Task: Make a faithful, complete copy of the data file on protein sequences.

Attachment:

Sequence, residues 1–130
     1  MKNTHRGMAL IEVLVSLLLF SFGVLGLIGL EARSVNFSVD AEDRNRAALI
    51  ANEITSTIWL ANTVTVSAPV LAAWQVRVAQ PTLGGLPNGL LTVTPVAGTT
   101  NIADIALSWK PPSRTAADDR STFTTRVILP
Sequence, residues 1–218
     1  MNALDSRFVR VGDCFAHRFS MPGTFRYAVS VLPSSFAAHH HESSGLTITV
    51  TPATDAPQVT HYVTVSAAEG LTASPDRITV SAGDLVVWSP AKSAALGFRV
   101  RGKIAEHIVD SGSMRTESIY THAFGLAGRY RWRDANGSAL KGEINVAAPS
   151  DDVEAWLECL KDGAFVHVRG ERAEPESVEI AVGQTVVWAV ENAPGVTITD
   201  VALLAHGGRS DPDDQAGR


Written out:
Sequence, residues 1–130
     1  MKNTHRGMAL IEVLVSLLLF SFGVLGLIGL EARSVNFSVD AEDRNRAALI
    51  ANEITSTIWL ANTVTVSAPV LAAWQVRVAQ PTLGGLPNGL LTVTPVAGTT
   101  NIADIALSWK PPSRTAADDR STFTTRVILP
Sequence, residues 1–218
     1  MNALDSRFVR VGDCFAHRFS MPGTFRYAVS VLPSSFAAHH HESSGLTITV
    51  TPATDAPQVT HYVTVSAAEG LTASPDRITV SAGDLVVWSP AKSAALGFRV
   101  RGKIAEHIVD SGSMRTESIY THAFGLAGRY RWRDANGSAL KGEINVAAPS
   151  DDVEAWLECL KDGAFVHVRG ERAEPESVEI AVGQTVVWAV ENAPGVTITD
   201  VALLAHGGRS DPDDQAGR